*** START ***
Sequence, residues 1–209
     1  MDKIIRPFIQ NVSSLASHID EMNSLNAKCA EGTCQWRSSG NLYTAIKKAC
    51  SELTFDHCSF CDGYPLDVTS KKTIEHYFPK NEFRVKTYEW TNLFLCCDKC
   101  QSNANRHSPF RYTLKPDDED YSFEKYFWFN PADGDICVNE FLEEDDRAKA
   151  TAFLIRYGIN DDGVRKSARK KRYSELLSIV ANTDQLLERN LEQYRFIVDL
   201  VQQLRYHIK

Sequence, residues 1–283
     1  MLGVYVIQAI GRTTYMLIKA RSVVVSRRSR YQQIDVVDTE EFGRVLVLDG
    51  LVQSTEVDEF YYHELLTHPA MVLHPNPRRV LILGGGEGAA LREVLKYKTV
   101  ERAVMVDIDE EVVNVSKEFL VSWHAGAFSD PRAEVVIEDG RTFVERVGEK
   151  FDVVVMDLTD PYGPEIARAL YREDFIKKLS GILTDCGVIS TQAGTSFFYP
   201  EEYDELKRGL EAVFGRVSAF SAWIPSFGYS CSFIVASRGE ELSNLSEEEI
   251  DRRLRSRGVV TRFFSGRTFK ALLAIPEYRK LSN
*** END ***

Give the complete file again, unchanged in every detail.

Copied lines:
Sequence, residues 1–209
     1  MDKIIRPFIQ NVSSLASHID EMNSLNAKCA EGTCQWRSSG NLYTAIKKAC
    51  SELTFDHCSF CDGYPLDVTS KKTIEHYFPK NEFRVKTYEW TNLFLCCDKC
   101  QSNANRHSPF RYTLKPDDED YSFEKYFWFN PADGDICVNE FLEEDDRAKA
   151  TAFLIRYGIN DDGVRKSARK KRYSELLSIV ANTDQLLERN LEQYRFIVDL
   201  VQQLRYHIK

Sequence, residues 1–283
     1  MLGVYVIQAI GRTTYMLIKA RSVVVSRRSR YQQIDVVDTE EFGRVLVLDG
    51  LVQSTEVDEF YYHELLTHPA MVLHPNPRRV LILGGGEGAA LREVLKYKTV
   101  ERAVMVDIDE EVVNVSKEFL VSWHAGAFSD PRAEVVIEDG RTFVERVGEK
   151  FDVVVMDLTD PYGPEIARAL YREDFIKKLS GILTDCGVIS TQAGTSFFYP
   201  EEYDELKRGL EAVFGRVSAF SAWIPSFGYS CSFIVASRGE ELSNLSEEEI
   251  DRRLRSRGVV TRFFSGRTFK ALLAIPEYRK LSN